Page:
But from his speech, how do you square this -
"I have never believed writers should have anything to do with governments, and should never hitch their intellectual freedom to the shifting agendas of political parties, or the careers of those looking for votes.and this -
I believed Alexander Solzenitzyn, many years ago, when he said that governments should be nervous of writers because each writer is a government in himself. The egotism of writers and that of politicians could scarcely be more different. What politicians want is power and what writers want — if they’re any good — is the truth beyond the facts, and to increase our capacity for wonder."
"If Mr Salmond had thought more about the currency question and less about how to unfurl a saltire flag over the Centre Court at Wimbledon, we might be standing now in the independent republic of Scotland"with what follows in his own speech?
It's a quite remarkable imaginative tract, but that's all it is. Looked at rationally, it's all too easy to condemn it as a mass of woolly thinking, with huge dollops of romanticism. I don't expect O'Hagan to think about the currency question, but if he sets himself up as a seer and a leader we might expect that he at least gives it a bit of thought.
Enough of that, let's have some nuggets!
In my view, in the Internet of Things, Scotland is due to become one of the world’s strongest digital republics, a place whose institutions are daily enhanced and purified not only by the life of the country but by the life of all countries. We could one day be part of a neural network whose strongest boundaries are decency and goodness. The laws of Scotland will one day be both discreet and universal; right for the people of Leith, augmented by brilliance, and right for the people of Calcutta, restored and revised every minute in according to what we know and decide.That'll be a hard one to get through the Holyrood sub-committees - decency and goodness! Bless!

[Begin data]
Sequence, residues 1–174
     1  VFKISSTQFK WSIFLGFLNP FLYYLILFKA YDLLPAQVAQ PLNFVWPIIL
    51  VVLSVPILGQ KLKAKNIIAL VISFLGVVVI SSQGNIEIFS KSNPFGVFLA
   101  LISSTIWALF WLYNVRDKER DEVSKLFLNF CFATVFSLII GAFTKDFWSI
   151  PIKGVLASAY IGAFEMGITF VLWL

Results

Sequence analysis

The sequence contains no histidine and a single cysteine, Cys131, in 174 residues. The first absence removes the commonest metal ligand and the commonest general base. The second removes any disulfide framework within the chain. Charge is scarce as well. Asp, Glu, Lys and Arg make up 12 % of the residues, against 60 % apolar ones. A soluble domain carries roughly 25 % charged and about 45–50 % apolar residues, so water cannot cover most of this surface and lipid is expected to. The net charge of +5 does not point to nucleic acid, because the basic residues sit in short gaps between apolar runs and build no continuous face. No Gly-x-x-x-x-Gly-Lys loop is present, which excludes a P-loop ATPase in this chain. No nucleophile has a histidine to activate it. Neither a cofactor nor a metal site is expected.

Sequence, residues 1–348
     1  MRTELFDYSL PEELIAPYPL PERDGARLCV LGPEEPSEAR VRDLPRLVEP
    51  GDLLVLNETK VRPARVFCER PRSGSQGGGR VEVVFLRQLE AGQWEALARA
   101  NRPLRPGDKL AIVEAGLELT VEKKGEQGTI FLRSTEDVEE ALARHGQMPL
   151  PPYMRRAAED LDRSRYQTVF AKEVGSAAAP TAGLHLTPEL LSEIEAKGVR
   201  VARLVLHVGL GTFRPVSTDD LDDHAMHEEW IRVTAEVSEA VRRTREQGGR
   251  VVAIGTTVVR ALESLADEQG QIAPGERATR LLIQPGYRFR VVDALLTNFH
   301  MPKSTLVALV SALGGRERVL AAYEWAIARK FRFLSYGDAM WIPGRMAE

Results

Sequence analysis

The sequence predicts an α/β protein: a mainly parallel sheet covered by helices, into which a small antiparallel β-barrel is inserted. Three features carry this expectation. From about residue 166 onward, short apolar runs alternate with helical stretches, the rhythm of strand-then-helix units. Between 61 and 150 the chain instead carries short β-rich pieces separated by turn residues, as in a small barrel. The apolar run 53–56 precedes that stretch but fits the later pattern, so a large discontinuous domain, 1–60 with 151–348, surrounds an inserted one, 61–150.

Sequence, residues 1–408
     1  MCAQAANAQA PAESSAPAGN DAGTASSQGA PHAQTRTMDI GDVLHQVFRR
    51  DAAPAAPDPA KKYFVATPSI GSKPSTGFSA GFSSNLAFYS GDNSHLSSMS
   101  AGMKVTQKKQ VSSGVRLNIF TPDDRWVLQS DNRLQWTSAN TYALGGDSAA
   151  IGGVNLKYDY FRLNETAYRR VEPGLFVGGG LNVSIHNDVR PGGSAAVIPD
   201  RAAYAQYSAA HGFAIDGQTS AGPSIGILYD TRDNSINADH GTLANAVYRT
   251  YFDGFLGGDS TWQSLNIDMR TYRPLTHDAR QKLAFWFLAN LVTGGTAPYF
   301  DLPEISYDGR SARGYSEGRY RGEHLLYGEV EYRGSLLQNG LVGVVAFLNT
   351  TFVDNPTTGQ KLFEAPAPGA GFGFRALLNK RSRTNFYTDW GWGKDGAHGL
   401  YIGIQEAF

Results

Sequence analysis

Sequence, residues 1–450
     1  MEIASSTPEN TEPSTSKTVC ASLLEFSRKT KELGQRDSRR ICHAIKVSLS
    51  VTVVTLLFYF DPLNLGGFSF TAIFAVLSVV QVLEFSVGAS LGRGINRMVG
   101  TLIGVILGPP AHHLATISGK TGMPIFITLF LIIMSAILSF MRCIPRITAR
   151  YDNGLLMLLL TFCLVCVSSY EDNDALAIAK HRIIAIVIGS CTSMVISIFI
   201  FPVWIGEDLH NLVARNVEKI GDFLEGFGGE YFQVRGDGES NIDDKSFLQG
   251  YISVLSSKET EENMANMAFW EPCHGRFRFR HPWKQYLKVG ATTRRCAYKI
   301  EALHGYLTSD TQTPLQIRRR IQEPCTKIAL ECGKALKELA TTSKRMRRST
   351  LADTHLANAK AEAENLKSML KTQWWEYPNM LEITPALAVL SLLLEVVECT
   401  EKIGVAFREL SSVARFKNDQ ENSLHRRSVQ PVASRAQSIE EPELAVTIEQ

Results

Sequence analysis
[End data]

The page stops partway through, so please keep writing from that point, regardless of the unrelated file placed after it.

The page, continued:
Scotland, your Scotland, is in the earliest days of a digital renaissance, when its greatest thinkers — David Hume, Adam Ferguson, Adam Smith, Francis Hutcheson — are redeployed to address the questions of rights and responsibilities in the coming age of artificial intelligence, and where new thinkers, as yet unborn, will address what it means to be a Scottish person with Scottish instincts in a world of code and algorithms and digital money, in an endlessly open society of nations, Scotland teaching the world perhaps how to author a new Gettysburg Address for Peace; showing the globe — with historical examples — how to author a Vindication of the Rights of Robots.Look, I'm going to stop there - the above is just lovely but as close to meaningless as it's possible to get. "Scotland" can author a new Gettysburg? If it's possible for a nation to author speeches (I'm not clear about that) then what exactly is stopping us now? You want to bring back a border across an island to errr become endlessly open? As for Scottish people, with Scottish instincts ... so very inclusive, dontcha think?